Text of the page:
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May 26, 1923


Author Affiliations

From the Medical Division of the Montefiore Hospital.

JAMA. 1923;80(21):1516-1519. doi:10.1001/jama.1923.02640480020007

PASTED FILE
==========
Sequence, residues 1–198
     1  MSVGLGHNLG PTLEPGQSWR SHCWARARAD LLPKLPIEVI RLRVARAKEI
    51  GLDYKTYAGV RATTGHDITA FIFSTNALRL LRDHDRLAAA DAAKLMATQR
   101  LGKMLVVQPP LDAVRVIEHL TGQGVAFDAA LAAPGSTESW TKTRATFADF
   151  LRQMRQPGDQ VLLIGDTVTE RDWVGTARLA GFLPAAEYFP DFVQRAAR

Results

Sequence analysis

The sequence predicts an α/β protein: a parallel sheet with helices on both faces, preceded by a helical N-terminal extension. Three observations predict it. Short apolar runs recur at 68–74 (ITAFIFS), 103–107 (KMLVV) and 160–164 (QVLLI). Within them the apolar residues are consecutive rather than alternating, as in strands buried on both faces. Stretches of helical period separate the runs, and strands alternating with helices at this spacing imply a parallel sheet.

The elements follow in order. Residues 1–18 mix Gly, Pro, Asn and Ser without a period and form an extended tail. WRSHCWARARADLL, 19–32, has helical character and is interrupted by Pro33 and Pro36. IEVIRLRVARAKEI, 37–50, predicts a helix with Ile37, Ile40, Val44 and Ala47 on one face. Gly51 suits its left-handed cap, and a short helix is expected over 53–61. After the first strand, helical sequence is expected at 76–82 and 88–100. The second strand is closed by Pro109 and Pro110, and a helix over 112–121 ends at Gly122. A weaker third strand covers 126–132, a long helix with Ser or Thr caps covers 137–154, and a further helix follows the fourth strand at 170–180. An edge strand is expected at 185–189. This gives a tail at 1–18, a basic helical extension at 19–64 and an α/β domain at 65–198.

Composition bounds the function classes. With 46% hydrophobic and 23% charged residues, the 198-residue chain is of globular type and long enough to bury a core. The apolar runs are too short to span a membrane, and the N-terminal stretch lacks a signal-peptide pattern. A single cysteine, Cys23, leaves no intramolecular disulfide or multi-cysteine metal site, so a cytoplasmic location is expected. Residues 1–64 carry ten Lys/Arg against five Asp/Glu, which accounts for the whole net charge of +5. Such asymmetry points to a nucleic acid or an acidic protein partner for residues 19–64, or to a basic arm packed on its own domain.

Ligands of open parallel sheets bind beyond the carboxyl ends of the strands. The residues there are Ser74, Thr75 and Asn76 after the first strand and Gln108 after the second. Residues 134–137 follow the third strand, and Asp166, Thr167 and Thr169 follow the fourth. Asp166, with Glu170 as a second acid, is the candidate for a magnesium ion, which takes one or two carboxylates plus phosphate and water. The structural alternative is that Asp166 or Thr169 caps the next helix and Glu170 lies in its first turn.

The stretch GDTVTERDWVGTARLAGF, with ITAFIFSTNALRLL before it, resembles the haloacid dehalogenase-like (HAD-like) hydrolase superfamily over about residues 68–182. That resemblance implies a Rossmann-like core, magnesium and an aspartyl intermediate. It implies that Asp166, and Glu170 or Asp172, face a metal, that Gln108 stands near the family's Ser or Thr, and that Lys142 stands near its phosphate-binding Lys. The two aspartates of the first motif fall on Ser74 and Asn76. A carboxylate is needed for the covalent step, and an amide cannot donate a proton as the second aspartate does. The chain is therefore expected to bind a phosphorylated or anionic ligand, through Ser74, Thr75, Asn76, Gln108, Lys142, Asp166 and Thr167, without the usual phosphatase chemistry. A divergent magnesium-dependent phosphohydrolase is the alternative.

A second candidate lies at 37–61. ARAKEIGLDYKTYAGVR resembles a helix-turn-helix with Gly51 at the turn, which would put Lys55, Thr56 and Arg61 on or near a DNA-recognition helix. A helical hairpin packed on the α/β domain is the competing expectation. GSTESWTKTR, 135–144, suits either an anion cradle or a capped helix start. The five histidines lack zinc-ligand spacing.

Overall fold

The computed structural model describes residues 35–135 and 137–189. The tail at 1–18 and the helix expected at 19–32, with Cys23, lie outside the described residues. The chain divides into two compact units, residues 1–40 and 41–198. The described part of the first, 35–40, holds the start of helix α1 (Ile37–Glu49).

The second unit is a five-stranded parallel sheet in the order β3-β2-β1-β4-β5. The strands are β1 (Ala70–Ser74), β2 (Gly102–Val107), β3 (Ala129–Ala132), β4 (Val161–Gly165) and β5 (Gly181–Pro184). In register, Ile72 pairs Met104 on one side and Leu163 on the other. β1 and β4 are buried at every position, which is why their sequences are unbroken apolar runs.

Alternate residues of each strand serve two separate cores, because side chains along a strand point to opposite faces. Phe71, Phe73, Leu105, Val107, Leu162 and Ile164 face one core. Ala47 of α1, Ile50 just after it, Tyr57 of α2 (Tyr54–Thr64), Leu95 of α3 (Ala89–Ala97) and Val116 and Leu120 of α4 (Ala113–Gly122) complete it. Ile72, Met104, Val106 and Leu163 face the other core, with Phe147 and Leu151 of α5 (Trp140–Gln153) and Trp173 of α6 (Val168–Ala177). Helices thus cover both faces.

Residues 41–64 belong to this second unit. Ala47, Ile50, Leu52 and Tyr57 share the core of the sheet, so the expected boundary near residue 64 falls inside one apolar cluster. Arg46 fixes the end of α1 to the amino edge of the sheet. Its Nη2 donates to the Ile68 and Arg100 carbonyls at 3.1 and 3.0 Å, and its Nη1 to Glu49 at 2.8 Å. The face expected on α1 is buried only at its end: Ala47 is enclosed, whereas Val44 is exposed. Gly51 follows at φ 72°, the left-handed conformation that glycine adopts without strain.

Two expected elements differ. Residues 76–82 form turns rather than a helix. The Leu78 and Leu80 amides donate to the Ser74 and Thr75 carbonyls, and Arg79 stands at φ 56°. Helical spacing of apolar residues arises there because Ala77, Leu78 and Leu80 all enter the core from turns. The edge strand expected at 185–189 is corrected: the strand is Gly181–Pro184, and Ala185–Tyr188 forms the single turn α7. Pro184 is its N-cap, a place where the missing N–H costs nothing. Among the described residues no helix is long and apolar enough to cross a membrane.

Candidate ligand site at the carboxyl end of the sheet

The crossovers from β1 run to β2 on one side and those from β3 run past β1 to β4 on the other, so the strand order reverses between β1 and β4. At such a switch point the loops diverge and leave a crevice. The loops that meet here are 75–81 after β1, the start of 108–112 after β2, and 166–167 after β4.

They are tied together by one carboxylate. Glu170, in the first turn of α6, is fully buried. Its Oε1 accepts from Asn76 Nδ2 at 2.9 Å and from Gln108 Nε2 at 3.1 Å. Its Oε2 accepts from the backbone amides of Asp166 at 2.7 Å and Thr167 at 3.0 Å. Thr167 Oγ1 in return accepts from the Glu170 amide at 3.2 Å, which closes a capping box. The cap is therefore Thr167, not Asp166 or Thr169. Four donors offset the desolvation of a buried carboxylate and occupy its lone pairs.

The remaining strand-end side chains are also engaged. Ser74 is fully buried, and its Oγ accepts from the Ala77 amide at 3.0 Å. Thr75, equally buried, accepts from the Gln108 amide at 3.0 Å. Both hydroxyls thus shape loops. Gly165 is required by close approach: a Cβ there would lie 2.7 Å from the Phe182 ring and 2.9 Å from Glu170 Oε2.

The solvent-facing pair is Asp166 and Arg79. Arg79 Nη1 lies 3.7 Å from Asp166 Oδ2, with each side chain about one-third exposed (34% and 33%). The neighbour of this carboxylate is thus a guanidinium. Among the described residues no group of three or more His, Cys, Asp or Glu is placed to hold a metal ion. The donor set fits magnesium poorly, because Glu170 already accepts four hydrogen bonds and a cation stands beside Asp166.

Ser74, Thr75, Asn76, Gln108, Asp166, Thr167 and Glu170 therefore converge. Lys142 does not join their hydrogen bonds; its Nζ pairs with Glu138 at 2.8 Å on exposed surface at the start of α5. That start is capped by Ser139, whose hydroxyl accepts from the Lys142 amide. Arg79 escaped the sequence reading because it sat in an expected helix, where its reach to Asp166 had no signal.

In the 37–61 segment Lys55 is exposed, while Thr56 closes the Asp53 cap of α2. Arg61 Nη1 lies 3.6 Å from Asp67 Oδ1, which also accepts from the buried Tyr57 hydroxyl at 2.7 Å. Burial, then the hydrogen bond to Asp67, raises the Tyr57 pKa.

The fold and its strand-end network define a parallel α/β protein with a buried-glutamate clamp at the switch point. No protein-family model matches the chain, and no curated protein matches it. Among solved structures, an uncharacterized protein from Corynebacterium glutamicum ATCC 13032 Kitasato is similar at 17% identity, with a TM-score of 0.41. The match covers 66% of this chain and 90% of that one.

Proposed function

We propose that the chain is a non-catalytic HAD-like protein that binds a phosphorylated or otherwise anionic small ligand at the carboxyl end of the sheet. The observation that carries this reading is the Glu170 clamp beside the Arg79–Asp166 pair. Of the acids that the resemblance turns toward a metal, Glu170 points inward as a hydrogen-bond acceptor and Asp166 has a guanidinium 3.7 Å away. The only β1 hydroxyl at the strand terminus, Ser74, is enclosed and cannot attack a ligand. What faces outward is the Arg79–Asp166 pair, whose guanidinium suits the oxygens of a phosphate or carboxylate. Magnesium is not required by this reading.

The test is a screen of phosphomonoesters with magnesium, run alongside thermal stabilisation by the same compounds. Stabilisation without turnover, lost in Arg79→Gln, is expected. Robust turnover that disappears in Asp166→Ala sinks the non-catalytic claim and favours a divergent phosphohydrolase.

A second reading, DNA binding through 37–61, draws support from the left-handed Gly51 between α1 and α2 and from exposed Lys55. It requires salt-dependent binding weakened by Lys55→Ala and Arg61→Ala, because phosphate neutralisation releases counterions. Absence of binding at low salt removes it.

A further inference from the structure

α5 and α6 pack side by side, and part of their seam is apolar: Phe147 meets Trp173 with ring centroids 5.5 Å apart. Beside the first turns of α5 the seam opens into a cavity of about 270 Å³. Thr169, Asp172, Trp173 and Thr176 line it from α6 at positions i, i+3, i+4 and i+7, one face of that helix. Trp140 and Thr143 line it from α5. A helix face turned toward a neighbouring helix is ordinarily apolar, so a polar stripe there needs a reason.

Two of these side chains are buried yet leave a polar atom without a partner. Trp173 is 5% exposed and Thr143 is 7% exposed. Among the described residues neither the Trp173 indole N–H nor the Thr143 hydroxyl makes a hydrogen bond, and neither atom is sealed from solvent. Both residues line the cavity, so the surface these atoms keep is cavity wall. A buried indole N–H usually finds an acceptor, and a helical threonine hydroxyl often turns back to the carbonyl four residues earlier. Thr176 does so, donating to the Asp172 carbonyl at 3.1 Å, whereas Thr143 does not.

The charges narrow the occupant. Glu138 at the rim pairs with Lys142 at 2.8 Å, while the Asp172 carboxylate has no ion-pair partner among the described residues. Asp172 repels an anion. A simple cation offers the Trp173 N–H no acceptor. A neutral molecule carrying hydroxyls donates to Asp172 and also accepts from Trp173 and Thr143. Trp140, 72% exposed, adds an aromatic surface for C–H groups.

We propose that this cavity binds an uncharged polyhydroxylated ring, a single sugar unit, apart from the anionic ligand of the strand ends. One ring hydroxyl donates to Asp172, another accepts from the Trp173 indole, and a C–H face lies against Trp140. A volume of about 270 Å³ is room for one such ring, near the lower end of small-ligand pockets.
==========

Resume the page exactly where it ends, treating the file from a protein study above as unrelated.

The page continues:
The occurrence of outspoken jaundice with yellow sclerae and bile pigments in the urine as an incident in myocardial insufficiency was long ago observed, but is not common. Very frequent, on the contrary, is the development of a faint yellow or brownish-yellow pigmentation of the skin without the presence of bile pigments in the sclerae or urine. Determination of the exact shade of the coloration is made more difficult by the usual accompaniment of cyanosis, a condition that makes the jaundice more readily perceptible on the skin of the abdomen than on that of the extremities or face. This frequent combination of slight ochrodermia with the dusky tinge of cyanosis has resulted in the application of the term cyanotic icterus to the condition. Recent investigations have shown, in fact, that many patients with myocardial insufficiency have an increased amount of bilirubin in the blood. Bilirubin in the urine is rare,